(4)
\({\mathbf {C}}\) is the Cauchy–Green deformation tensor:
$$\begin{aligned} {\mathbf {C}}&\equiv {\mathbf {F}}^T \cdot {\mathbf {F}}, \end{aligned}$$
(5)
and \({\mathbf {I}}\) is the identity tensor. From Eqs. (3) and (4),
$$\begin{aligned} {\mathbf {S}}= 2\frac{\partial \varphi }{\partial {\mathbf {C}}}. \end{aligned}$$
(6)

3 Hyperelastic shell model

We split the domain as \({\varOmega }_t = \overline{{\varGamma }}_t\times \left( h_\mathrm {th}\right) _t\), where \(\overline{{\varGamma }}_t\) represents the midsurface of the domain, which is parametrized by \({n_{\mathrm {pd}}}= {n_{\mathrm {sd}}}- 1\), where \({n_{\mathrm {pd}}}\) is the number of parametric dimensions. With the position \(\overline{{\mathbf {x}}} \in \overline{{\varGamma }}_t\), we define a natural coordinate system:
$$\begin{aligned} \overline{{\mathbf {g}}}_\alpha&\equiv \frac{\partial \overline{{\mathbf {x}}}}{\partial \xi ^\alpha } \end{aligned}$$
(7)
$$\begin{aligned}&= \overline{{\mathbf {x}}}_{,\alpha }, \end{aligned}$$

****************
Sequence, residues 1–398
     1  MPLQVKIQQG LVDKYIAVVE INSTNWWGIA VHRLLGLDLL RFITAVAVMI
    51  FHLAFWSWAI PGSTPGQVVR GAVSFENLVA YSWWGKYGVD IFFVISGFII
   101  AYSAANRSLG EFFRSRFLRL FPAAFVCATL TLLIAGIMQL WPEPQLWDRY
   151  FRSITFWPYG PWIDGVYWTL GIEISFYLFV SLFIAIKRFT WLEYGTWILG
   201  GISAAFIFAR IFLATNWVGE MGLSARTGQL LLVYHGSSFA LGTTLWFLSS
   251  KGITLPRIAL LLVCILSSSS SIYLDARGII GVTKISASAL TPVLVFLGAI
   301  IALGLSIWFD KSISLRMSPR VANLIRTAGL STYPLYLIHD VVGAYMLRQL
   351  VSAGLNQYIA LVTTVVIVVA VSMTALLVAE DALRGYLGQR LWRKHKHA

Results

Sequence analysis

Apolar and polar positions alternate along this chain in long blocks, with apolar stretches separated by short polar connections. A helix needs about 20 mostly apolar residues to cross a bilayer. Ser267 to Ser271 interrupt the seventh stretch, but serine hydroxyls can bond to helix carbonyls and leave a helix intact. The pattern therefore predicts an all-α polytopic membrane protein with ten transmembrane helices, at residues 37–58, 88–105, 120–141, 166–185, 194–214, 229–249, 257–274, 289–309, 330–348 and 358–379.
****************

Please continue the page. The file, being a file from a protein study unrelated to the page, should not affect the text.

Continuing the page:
(8)
where \(\alpha = 1, \ldots , {n_{\mathrm {pd}}}\), and the third direction is based on
$$\begin{aligned} {\mathbf {n}}&\equiv \overline{{\mathbf {g}}}_3 \end{aligned}$$
(9)
$$\begin{aligned}&= \frac{\overline{{\mathbf {g}}}_1 \times \overline{{\mathbf {g}}}_2}{\left\| \overline{{\mathbf {g}}}_1 \times \overline{{\mathbf {g}}}_2\right\| }. \end{aligned}$$
(10)
The components of the metric tensor are
$$\begin{aligned} \overline{g}_{\alpha \beta } = \overline{{\mathbf {g}}}_{\alpha } \cdot \overline{{\mathbf {g}}}_{\beta }, \end{aligned}$$
(11)
and this is known as the first fundamental form. Similarly, we define the components of the metric tensor for the contravariant basis vectors as
$$\begin{aligned} \overline{g}^{\alpha \beta } = \overline{{\mathbf {g}}}^{\alpha } \cdot \overline{{\mathbf {g}}}^{\beta }, \end{aligned}$$
(12)
and obtain the tensor components and contravariant basis vectors from
$$\begin{aligned} \left[ \overline{g}^{\alpha \beta } \right]&= \left[ \overline{g}_{\alpha \beta } \right] ^{-1} \end{aligned}$$
(13)
and